Ultimately, The Long Week-End is that long weekend visiting your Tory great-uncle, who is always talking about how things were (better) before the war. It has a lot of good insights, partial histories, and catty commentary. But if you are looking for a good book on the 20s in America, check out Only Yesterday.

More later, 

Wednesday, June 02, 2021

Plague Books: Comfortable Robot

Fugitive Telemetry by Martha Wells,Tordotcom Books,2021

Provenance: Well of course I'm going to read the new Murderbot book. I've come onboard for this snappy series, and have stayed with it. Apparently, the book itself has branched, so now we have Murderbot novels, as well as shorter Murderbot novellas, which are the Diaries. In any event, when this one showed up I ordered it from Amazon in hardback along with two Shakespeare DVDs (King Lear with James Earl Jones and Much Ado About Nothing with Sam Waterston) to present to the Lovely Bride after tax season ended on 15 April. Then they pushed back the deadline a month (which, and this may surprise you, did not endear the IRS to all the tax preparers), so it was mid-May before I gave them to her. And she promptly devoured this one. Then I got to read it.

Review: Over in the Mystery genre they have what they call a "cozy". There are number of related definitions of it, but is usually involves an amateur detective, usually female, usually grudgingly accepted by the professional force, who accidentally discovers murder most foul, but in general has a low threat level and well-known surroundings and a supporting cast. Miss Marples and Jessica Fletcher are the best-known embodiments of the "cozy." Hardboiled writers like Chandler and Hammett HATED the cozy branch of their genre. But in the genre, a cozy is a comfortable read.

Fugitive Telemetry verges on the cozy. It stars our sarcastic friend, the Murderbot, and we are treated to their inner thoughts, which normally involving thinking about how stupid the humans are around them, and if they just spent five minutes not trying to get themselves killed, they could get back to watching pirated space adventure soap operas on their feeds. We are five books in (six counting a novel), and Murderbot (SecBot to everyone else, because, you know, identifying yourself as a Murderbot make fragile, squishy humans a little panicked), is no longer quite as bitingly sardonic, but comes off as cranky, verging on grumpy.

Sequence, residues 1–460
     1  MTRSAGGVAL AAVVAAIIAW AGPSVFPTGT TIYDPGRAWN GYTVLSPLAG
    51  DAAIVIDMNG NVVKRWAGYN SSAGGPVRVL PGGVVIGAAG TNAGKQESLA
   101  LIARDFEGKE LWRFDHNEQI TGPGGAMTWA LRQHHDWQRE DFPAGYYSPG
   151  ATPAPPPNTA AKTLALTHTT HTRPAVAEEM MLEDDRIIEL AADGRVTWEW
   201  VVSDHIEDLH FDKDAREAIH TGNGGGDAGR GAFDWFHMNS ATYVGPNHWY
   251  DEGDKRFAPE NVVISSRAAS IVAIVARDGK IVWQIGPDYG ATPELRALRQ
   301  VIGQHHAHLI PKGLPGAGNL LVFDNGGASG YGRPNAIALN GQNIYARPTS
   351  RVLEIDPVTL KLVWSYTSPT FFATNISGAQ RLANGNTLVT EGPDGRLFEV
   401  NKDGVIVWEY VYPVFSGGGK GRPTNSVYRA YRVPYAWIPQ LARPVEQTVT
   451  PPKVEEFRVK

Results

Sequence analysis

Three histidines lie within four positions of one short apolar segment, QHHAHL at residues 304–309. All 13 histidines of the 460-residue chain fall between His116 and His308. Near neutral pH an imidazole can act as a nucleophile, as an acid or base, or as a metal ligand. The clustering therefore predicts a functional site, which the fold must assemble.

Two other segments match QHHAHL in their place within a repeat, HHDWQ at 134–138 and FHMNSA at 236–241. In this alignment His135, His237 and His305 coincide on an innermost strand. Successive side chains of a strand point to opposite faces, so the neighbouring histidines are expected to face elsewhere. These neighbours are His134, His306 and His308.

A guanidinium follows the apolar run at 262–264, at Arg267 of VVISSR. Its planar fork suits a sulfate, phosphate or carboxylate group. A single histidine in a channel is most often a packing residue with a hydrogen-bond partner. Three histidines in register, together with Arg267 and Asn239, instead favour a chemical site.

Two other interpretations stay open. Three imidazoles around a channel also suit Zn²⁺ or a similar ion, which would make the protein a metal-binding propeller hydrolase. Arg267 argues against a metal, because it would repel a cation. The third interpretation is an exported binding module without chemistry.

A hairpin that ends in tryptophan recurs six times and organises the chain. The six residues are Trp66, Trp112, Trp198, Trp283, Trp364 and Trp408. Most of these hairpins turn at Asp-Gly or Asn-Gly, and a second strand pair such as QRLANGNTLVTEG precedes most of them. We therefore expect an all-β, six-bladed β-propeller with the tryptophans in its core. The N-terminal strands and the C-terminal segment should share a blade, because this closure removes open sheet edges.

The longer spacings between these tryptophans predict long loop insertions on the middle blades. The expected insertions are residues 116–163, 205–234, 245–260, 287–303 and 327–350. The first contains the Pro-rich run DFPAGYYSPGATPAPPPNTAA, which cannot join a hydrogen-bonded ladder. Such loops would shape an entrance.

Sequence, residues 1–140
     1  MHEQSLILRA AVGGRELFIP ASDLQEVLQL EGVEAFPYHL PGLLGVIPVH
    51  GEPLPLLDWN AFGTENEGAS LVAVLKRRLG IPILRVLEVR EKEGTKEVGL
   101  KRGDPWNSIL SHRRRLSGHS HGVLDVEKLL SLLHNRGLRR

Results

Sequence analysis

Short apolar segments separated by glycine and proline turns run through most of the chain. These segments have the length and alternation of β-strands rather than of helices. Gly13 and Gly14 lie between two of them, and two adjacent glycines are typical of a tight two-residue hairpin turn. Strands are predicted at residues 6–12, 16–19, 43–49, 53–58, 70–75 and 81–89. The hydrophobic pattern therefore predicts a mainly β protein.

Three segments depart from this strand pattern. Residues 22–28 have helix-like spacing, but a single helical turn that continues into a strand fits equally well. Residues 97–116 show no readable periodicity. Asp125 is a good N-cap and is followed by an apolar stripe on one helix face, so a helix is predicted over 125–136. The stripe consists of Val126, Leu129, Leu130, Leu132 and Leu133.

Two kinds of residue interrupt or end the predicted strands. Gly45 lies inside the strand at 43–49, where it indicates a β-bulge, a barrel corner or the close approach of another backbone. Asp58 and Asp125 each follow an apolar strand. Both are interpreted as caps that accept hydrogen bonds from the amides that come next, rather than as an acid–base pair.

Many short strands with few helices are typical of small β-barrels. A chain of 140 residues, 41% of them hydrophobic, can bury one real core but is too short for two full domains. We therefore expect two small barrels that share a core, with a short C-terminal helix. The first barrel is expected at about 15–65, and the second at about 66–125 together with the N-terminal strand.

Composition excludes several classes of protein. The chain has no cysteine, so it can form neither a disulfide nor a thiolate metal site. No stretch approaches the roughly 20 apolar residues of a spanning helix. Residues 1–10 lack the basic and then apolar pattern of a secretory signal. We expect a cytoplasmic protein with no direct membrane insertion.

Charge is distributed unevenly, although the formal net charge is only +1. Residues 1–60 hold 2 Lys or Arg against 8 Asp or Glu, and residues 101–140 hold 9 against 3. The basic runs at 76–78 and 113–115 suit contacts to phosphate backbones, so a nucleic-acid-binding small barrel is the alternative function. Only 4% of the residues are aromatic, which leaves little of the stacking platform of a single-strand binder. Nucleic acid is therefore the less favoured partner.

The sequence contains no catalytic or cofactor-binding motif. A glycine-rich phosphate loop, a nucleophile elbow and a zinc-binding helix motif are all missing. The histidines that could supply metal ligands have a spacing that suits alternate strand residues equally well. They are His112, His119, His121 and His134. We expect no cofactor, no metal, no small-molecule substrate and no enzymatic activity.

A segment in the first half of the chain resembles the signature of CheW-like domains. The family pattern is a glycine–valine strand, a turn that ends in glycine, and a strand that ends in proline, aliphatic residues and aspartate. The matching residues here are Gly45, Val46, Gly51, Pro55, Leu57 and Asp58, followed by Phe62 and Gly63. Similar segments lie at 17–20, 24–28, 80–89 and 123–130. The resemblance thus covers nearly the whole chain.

They also digress within their digression, and their personal asides have asides. Which as a writing style is rather contagious. Fortunately, I am resist to such influences (mostly).


Fugitive Telemetry is a mystery novel at its heart, in which the talented amateur gets involved, despite their better judgement. A body is found in a hallway of Preservation Station, the entry port for Murderbot's new home planet. Who it is, who dunnit, and how it got there are all unknown. Murderbot is asked by their friend/sponsor to check it out, because it might be connected with the evil corporation that wants their friend/sponsor and all of her poly/research family dead. 

And grumbling, Murderbot agrees, having to deal with the head of security, who in no way is going to let Murderbot get access to all their mainframes, which would make the job a lot easier. Murderbot brings a lot to the table both with their hacking abilities and their basic assumption that humans at not the brightest tools in orbit. Murderbot's status as an artificial construct makes certain avenues of investigation (like talking to other constructs) blazingly obvious and overlooked by the more organic investigators.

Mysteries in SF (and in Fantasy as well) are difficult in that the author and the reader do not share the same baseline knowledge, and you have to explain the world without tipping your hand that this is why you explaining it. Or why this particular clue is a clue and not part of the world as people know it. In the Mystery genre, people have a basic assumption of how things work - the role of the police, the nature of evidence, how cars and guns work, general history, that sort of thing. In SF, you have to do a lot of groundwork to deal with the fact you are on a space station spinning in a vacuum with a number of different classes of man-made sentients running around (robots, AIs ships, SecBots, and the like), and and how that ultimately affects the story.

And it all works. Murderbot gets stuff wrong, makes bad assumptions, and goes down some blind allies before understanding what is really going on. And it feels ... comfortable. There a no dark bits of their past revealed, no major conspiracies, no serious revelations for the character. It almost feels like the pilot for a series on Netflix, where the Outsider installs themselves as the specialist that Station Security brings in for big cases. So Murderbot doesn't have to deal with the paperwork, just with the cool stuff.

And it makes for a comfortable read. Not quite a cozy, but you can see it from there.

More later,